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Wolok : Fading Mirth & Dry Heaves

More Black than Doom, and imperfect yet oddly captivating: French band Wolok's latest release.

Wolok is a French band that I heard more about in Black Metal circles than anything so you can imagine my surprise when I received it to review for www.doom-metal.com!* I wasn't expecting a Doom release when I saw it, and so it proved to be, barring one part of the track 'Deceptive Serpents'.

* Editor's note:The band describe themselves as "Repugnant Black/Doom Metal", and much of the slow, dark, ominous atmosphere referred to below has doomy, if not outright Doom, elements. Obviously, there's always room for debate with genre boundaries, but I considered it enough to warrant accepting the album for review.

Essentially, what Wolok bring to the table is 'suicidal' Black Metal with tortured vocals, which is right up my street if it's done well. If that's not your thing then don't even consider listening to this album because you won't be able to stomach it for more than a minute or so, if that. I've always found Black Metal to be very black or white in that respect, particularly the darker areas of it.

The vocals from Lhükkmer'thz are typically strong, as they absolutely have to be in this sub-genre, given that they're the driving force accompanied by minimalistic music. Even performing a sub-genre of Black Metal though, this sounds like a very quirky release indeed. It's like the soundtrack to a budget horror movie at times, and I'm honestly not sure if that's a compliment or not! The pace of the album is predominantly quite slow, as you'd expect, but there are bursts of Black Metal toward the back end of the album too, making it even better suited as a soundtrack for a horror movie!

Perhaps the best way to describe what Wolok have produced on 'Fading Mirth & Dry Heaves' would be to imagine Ash from Nargaroth getting drunk and setting his keys to 'random' mode. In a weird way, it sort of works, which I am content in saying is largely because of the incredibly powerful and impressive vocals. Musically, it's a bit of a non-event, as you'd expect from this style. Still, I find myself captivated by it because of how ominous the atmosphere is and how dark it comes across as being.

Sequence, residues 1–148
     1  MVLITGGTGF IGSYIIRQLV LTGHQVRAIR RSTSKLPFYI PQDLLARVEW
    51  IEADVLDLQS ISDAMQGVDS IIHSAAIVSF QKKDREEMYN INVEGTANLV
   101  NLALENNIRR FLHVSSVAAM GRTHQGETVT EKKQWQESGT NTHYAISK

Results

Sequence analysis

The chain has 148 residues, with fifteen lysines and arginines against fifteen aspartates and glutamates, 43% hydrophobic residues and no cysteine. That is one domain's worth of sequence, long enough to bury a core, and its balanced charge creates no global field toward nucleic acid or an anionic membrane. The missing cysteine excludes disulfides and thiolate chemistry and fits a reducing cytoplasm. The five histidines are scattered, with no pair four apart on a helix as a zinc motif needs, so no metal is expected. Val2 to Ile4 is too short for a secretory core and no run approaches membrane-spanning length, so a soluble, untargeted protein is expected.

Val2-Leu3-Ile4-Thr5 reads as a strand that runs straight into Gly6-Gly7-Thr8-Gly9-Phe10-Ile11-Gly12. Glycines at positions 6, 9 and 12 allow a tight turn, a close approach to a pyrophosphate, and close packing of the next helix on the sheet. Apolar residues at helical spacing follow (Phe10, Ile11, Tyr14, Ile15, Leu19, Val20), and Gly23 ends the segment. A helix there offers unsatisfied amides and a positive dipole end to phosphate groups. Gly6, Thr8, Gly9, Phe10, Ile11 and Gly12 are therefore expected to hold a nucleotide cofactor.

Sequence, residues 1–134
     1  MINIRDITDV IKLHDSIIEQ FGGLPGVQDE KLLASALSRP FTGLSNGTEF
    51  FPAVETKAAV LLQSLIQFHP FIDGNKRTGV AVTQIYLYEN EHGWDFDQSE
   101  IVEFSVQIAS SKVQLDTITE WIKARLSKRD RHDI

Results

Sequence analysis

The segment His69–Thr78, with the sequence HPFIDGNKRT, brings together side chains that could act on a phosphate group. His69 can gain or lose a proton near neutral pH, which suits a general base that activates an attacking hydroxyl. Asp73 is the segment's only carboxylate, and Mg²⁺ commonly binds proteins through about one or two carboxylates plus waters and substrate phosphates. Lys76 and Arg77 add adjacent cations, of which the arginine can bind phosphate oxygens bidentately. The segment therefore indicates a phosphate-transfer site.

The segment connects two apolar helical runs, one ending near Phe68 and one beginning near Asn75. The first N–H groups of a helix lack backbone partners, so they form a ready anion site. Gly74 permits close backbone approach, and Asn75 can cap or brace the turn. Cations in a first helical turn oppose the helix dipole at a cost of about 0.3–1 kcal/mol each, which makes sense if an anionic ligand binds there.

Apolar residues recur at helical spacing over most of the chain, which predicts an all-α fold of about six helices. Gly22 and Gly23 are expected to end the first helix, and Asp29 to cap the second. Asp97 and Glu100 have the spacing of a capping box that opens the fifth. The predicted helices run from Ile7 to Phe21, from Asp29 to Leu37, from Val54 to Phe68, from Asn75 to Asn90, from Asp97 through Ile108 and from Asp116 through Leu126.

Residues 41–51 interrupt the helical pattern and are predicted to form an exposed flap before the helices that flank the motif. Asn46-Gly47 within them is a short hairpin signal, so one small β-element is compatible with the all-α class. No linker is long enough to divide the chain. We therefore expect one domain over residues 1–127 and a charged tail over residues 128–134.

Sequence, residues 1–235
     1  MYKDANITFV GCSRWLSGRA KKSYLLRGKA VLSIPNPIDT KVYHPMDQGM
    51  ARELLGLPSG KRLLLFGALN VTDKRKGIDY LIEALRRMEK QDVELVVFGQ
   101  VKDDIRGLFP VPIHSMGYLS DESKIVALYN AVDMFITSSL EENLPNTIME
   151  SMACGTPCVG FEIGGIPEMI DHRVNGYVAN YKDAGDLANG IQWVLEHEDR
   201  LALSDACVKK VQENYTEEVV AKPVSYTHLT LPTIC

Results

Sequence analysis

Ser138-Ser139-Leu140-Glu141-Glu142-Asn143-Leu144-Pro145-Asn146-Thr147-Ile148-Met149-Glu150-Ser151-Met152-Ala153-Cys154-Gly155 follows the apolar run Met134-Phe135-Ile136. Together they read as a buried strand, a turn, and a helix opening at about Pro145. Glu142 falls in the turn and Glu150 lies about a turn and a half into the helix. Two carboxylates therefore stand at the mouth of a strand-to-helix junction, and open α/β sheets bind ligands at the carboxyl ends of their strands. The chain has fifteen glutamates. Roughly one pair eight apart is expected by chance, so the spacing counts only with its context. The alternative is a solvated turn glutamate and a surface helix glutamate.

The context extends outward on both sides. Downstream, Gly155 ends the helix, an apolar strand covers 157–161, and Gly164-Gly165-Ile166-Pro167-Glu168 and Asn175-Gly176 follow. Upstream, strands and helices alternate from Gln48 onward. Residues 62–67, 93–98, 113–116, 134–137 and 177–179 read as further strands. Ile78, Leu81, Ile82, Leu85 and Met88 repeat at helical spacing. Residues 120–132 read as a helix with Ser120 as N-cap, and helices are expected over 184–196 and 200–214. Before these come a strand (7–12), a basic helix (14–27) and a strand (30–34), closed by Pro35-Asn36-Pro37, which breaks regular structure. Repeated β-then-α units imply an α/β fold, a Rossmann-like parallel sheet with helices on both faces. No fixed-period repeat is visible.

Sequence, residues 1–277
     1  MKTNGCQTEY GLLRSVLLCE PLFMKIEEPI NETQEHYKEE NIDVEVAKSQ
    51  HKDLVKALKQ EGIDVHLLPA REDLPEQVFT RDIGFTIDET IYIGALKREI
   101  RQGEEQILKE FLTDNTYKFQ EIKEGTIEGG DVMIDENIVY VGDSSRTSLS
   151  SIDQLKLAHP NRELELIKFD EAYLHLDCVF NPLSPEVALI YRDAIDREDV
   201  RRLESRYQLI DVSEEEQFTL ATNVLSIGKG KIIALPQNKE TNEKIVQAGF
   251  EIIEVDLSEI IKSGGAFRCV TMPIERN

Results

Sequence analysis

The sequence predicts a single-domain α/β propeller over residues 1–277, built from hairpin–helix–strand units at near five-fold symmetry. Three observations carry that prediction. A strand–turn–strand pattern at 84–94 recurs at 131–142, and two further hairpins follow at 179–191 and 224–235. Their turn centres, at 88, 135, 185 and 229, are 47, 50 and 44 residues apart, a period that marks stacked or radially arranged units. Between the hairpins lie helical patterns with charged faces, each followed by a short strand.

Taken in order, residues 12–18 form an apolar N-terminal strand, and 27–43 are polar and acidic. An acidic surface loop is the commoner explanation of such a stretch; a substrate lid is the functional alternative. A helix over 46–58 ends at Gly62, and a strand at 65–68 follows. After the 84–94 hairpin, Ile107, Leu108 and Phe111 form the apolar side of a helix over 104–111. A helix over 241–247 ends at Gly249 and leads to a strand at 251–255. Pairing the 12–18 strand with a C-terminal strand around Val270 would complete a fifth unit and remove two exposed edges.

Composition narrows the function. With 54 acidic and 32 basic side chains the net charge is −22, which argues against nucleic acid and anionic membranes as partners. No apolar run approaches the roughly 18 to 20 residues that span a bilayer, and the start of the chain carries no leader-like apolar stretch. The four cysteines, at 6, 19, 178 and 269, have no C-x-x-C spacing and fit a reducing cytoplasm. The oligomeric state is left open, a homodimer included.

And now for the big question - do I like it? You know, I've listened to it a few times now and I just can't make up my mind there. There are some elements that I really enjoy, including the spaced-out Ambient segments and the outstanding tortured vocals, not to mention the production, which suits both of the afore-mentioned down to the ground. I think the samples used are very effective at creating an evil musical portrait too, which is something I can't often say. However, the album is fairly repetitive, it's a bit zany, and I am not always convinced that there's much planning having gone into the tracks themselves so I'm on the fence really. At one stage, the keys even sounded akin to Supermario or something of that ilk, which just left me confused, particularly as that moment was mid-album and was nothing like anything else before it. 'Fading Mirth & Dry Heaves' is a musical adventure that each of you will have to make up your own minds for because I don't have enough to work with to either shepherd you all toward or away from it. The only real element that tips the scales on the review score - by plus or minus 1 - is whether I'm in the mood for this kind of music or not.

Again, this is not a Doom Metal release; it's Black Metal. Personally, despite its quirks, I enjoyed the musical journey that Wolok took me on with 'Fading Mirth & Dry Heaves', and this is a band I'll certainly be keeping an eye on in the future. It's far from perfect and yet oddly captivating material!

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Reviewer's rating: 7.5/10


Tracklist :
1. Stolid
2. Bitter Swill
3. Deceptive Serpents
4. Neural Misfire
5. Squalor

Duration : Approx. 39 minutes

Visit the Wolok bandpage.

Reviewed on 2020-03-01 by Ian Morrissey
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